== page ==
It can be frightening when a sudden illness or injury strikes, especially if your regular doctor is not available. You need to make a choice quickly about where to get the medical attention you need. But, it’s also important to have all the facts before you seek care.
What Are My Options?
It’s important to remember that most health plans will not pay for ER visits for what they consider to be non-emergency care. In determining what is a true emergency, most plans are required to abide by the “Prudent Layperson Standard” under PPACA, which defines a medical emergency as “A condition with acute symptoms of sufficient severity (including severe pain) that a person who possesses an average knowledge of health and medicine could reasonably expect the absence of immediate medical attention to result in—(i) placing the health of the individual (or an unborn child) in serious jeopardy, (ii) serious impairment of bodily functions, or (iii) serious dysfunction of any bodily organ or part." If you visit the ER for non-emergency care, you could end up with high out-of-pocket costs. On the other hand, you should not delay going to the ER for symptoms that could signal a serious health problem, since this could give rise to serious issues. Some plans have nurse-advice lines you can call to help you with this decision, or you can call your doctor for advice.
How is Emergency Care Different from Urgent Care?
It costs a lot of money for hospitals to support all the equipment and staff that an ER requires. So, visits to the ER generally cost much more than those to a doctor’s office or an urgent care center. Plus:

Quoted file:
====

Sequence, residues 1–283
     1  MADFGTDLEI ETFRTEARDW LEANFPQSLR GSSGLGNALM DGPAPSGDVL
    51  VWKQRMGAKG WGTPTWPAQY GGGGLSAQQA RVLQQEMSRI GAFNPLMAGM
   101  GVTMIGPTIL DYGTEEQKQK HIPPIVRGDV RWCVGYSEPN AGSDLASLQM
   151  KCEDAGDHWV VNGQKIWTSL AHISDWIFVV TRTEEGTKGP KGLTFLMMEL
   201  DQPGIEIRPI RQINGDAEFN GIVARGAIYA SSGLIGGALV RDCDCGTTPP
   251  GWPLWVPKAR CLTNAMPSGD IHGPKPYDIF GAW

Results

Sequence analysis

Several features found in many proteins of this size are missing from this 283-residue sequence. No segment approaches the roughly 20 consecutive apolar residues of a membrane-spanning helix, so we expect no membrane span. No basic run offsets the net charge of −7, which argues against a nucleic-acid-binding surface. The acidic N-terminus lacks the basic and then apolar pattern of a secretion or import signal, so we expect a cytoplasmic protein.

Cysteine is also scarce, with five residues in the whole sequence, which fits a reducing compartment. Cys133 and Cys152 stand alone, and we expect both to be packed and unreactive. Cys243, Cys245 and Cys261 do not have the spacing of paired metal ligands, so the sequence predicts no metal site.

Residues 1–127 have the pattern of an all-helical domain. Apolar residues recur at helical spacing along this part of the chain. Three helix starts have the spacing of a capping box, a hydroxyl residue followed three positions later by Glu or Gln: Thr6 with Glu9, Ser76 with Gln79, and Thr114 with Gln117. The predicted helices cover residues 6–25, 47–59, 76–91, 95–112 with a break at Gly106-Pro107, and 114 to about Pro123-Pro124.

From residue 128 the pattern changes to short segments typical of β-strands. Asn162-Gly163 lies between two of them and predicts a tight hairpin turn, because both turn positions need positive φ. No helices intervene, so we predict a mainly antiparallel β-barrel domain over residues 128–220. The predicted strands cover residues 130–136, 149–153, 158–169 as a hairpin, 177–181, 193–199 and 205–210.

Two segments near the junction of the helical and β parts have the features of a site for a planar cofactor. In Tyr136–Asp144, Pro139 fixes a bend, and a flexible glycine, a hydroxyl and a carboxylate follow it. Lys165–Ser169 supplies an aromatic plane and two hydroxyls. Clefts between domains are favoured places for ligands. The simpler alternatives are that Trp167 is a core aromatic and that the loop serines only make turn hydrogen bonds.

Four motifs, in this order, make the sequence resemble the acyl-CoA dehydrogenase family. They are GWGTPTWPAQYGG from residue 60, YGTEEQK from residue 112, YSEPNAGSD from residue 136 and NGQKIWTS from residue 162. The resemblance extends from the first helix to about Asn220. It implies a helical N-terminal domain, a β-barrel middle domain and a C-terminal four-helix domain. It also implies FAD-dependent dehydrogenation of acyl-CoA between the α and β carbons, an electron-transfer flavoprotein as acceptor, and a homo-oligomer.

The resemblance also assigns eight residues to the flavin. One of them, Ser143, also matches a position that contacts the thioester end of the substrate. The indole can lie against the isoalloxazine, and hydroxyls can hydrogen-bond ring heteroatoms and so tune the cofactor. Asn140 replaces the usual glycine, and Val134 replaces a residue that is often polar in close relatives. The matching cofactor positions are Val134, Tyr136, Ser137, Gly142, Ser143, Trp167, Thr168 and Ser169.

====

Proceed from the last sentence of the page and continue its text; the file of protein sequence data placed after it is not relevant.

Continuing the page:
What does this mean for you? Let’s look at an example, supposing you stayed in the network in either case.
Urgent Care Center
|Your Plan Pays||$280 ($300 - $20)||$0|
|You will owe||$20||$1,000|
Your plan’s actual provisions may be different from those we have used in this example. Be sure to check your plan booklet, your insurer’s website, or call your insurer so you can be sure you understand how your plan works.
Emergency Rooms treat the patients with the most serious conditions first, so patients with less urgent needs will often wait longer to see a doctor. Urgent Care centers only see patients with routine conditions, and it’s usually on a first-come, first-served basis.
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Your Action Plan: Get the Care You Need
When a serious illness or injury strikes:
If you’re not sure what constitutes an emergency or what emergency costs are covered, ask your insurer or check your plan documents.